Great Women: Viscountess Craigavon

Lady Cecil Craig, Viscountess Craigavon

Cecil Mary Nowell Dering (later Craig) was born at No. 26 Chester Terrace, Belgrave Square, London on the 22nd of January 1883 and grew up in the upper echelons of British Victorian society. She was an only child, and her father Sir Daniel Tupper held the prestigious position of ‘Assistant Comptroller of the Lord Chamberlain’s department in the King’s household’.

In 1904 aged 21 she met her future husband – then Captain James Craig – at the most respectable of places: a shooting party in County Tyrone. After a very ‘brief engagement’, the couple married in the Chapel Royal at St James’s Palace on the 22nd of March 1905 and settled at Glencraig in Co. Down.[1] Her new husband was twelve years her senior, but it was Cecil who was seen as the catch. Arguably, it was his marriage to Cecil that gave James ‘an entrée into fashionable circles’ allowing him to develop networks and connections and further his political ambitions.[2]

Once settled in Glencraig, Cecil quickly became involved in local politics. In 1911, she became a founding member of the Ulster Women’s Unionist Council (UWUC), an organisation that ‘bound the Unionist women of Ulster together in one common aim – resistance to Home Rule for Ireland.’[3] Although the UWUC was essentially an auxiliary organisation, formed to help the all-male Ulster Unionist Council oppose home rule, promote Unionist propaganda, and preserve the legislative union between Great Britain and Ireland, its formation was a significant event in the history of women’s political activism in Ireland. By 1912 it was the largest female political group Ireland had ever seen with an estimated 115,000 – 200,000 members![4] Cecil was at the forefront of the UWUC, serving as both the Vice-President (1912-23) and later President (1923-42).

Viscount and Viscountess Craigavon c.1930.

Prior to the First World War, the UWUC was, nonetheless, explicitly ‘forbidden to discuss [women’s] suffrage or any issue other than Home Rule’ by the all-male Ulster Unionist Council.[5] This attitude appears to have shifted by the time women were awarded equal franchise in 1928. Speaking to newly enfranchised female voters in 1929, Cecil reminded them that ‘you really are a factor in the administration of your country’.[6]

Cecil was also heavily involved in local charitable work in Northern Ireland and took her responsibilities seriously. She was both a Patroness and Governor of the Ulster Hospital for Women and Children and was awarded a DBE (Dame Commander of the British Empire) for her tireless work in the 1941 New Years’ Honours List.[7] In her position as Viscountess Craigavon after 1927, Cecil regularly appeared at civic ceremonies across Northern Ireland. Donegall Street Congregational Church, ravaged by fire in 1931, was rebuilt and formally reopened by the Viscountess Craigavon in December 1934.[8] This building remains a place of worship, today it is known as Redeemer Central. The bridge from Trasna Island to Derrymacausey on Upper Lough Erne was also opened by Viscountess Craigavon in 1936 and named ‘Lady Craigavon Bridge’ in her honour.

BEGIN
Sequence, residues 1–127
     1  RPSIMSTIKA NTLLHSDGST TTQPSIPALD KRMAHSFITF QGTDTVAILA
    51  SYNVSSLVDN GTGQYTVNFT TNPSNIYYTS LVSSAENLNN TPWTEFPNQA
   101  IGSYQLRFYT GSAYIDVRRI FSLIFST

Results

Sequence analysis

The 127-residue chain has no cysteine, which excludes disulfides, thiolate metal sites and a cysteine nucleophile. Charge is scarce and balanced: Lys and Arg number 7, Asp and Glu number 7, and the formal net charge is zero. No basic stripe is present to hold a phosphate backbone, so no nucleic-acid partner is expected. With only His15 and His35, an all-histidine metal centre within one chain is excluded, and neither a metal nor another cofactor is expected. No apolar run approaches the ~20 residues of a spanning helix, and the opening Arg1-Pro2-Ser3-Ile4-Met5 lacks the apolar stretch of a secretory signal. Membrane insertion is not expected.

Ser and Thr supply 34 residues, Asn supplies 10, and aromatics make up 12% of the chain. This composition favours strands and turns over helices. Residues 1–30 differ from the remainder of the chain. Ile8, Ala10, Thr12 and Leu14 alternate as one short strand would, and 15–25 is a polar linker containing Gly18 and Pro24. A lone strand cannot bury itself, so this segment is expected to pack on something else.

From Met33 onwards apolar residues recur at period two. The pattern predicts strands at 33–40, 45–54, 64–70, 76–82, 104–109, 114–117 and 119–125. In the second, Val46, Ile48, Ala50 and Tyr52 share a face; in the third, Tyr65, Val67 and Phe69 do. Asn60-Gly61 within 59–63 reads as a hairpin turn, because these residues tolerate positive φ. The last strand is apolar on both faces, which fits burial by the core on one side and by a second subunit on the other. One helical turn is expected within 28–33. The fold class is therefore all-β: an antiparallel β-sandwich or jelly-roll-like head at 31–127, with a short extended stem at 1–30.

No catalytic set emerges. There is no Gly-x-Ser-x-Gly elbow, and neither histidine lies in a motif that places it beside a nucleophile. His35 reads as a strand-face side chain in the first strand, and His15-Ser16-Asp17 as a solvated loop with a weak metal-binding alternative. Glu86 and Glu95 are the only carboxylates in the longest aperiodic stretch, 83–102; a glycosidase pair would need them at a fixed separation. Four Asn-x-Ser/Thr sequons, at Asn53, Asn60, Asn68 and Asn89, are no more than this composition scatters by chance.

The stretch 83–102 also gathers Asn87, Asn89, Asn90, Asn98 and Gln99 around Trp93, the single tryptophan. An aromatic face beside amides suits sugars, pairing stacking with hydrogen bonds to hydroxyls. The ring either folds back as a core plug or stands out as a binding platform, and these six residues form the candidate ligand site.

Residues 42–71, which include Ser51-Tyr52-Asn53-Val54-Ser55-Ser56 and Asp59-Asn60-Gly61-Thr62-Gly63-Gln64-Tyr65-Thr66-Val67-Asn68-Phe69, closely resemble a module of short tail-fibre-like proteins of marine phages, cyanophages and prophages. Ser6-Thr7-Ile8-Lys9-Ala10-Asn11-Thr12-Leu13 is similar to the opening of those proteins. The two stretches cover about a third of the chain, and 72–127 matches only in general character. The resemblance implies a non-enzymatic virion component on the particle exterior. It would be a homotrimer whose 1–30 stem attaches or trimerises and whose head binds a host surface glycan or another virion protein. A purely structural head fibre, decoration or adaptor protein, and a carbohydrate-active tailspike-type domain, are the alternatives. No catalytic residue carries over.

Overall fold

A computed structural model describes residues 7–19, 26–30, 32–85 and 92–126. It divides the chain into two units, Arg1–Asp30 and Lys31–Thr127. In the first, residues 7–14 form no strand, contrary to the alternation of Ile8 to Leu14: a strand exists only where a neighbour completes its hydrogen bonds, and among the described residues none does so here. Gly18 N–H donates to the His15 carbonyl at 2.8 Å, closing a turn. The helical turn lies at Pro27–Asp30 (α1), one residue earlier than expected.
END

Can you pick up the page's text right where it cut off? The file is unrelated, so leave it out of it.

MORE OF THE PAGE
Lady Craigavon Bridge, Co. Fermanagh, shortly after opening in 1936.

Cecil’s husband, James, was appointed as the first Prime Minister of Northern Ireland in June 1921. In addition to her own political involvement, she consistently encouraged him in his political career and, as an ‘able public speaker’, substituted for him at major civic functions throughout the 1930s.[9] This included speaking engagements during the first royal visit of King George VI in 1937 and launching RMS Andes at Harland & Wolff shipyard in March 1939.[10] Following her husband’s death in November 1940, Cecil assured the Belfast News-Letter of her intention to ‘continue to make her home in Ulster’ emphasising how she would ‘not now be so much at home anywhere else’.[11] However, circumstances appear to have changed during the Second World War. Cecil resigned from all her charitable and political commitments in Northern Ireland and re-settled in England in January 1943.[12]

Cecil died on 23rd March 1960 at her home in Merle, Wiltshire and was buried, alongside her husband, in the grounds of Stormont.[13] Cecil and James Craig are the only individuals buried at Stormont. The tomb, located to the east of Parliament Buildings, was commissioned following Lord Craigavon’s death and was completed in 1942.[14] A recent campaign to have the tomb restored was successful and work was carried out during the summer of 2020.[15]

History often paints Cecil as ‘the wife of Sir James Craig’ but our research has shown that she was a determined Unionist activist and public figure in her own right. A founding member of the UWUC and its President for over twenty years, Cecil made a significant contribution to the strength of popular Unionism in the first half of the twentieth century.





[4] See also The UWUC papers are available for consultation at PRONI (Ref: D1098).

[5] Ibid., p. 338.

[6] Belfast News-Letter, 24 April 1929.

[7] Belfast News-Letter, 1 January 1941.

[8] Belfast News-Letter, 10 December 1934.

[9] Irish Independent, 23 March 1960.

[10] British Pathe footage of the event can be found here:

[11] Belfast News-Letter, 5 February 1941.

[12] Belfast News-Letter, 13 January 1943.

[13] Irish Independent, 23 March 1960.



Members Involved

YEAR: 1862

Location: Duncairn Avenue

YEAR: 1934

Location: Donegall Street

YEAR: 1886

Location: Clifton Street